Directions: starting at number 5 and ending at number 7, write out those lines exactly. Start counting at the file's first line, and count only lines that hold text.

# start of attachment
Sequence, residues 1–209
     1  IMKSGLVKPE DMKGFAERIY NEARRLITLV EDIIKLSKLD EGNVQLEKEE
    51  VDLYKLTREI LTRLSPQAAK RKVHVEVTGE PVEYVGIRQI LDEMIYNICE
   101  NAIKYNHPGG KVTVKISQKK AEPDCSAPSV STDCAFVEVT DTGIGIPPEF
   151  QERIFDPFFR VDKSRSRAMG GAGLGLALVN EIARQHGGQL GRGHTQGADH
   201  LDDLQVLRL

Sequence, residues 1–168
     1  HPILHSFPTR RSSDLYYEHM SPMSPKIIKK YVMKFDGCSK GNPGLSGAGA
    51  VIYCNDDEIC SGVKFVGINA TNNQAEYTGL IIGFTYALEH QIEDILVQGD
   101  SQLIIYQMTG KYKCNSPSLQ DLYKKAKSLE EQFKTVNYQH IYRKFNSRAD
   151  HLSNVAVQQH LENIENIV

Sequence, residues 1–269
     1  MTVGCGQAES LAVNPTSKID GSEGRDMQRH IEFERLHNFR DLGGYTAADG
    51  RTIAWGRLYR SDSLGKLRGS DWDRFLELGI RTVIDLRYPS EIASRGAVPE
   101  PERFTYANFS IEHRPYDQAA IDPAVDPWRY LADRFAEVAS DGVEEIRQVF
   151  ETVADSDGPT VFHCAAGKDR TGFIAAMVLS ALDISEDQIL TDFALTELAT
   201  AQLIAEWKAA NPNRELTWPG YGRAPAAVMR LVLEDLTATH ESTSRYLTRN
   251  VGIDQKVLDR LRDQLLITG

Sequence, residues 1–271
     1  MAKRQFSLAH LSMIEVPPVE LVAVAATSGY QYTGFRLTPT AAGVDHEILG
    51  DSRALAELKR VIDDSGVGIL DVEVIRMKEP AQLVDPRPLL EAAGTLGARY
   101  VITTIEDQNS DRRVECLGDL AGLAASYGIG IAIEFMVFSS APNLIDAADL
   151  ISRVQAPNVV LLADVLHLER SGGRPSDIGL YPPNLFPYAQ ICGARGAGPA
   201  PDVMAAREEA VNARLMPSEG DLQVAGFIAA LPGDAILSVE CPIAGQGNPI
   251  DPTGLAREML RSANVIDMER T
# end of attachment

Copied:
   151  QERIFDPFFR VDKSRSRAMG GAGLGLALVN EIARQHGGQL GRGHTQGADH
   201  LDDLQVLRL

Sequence, residues 1–168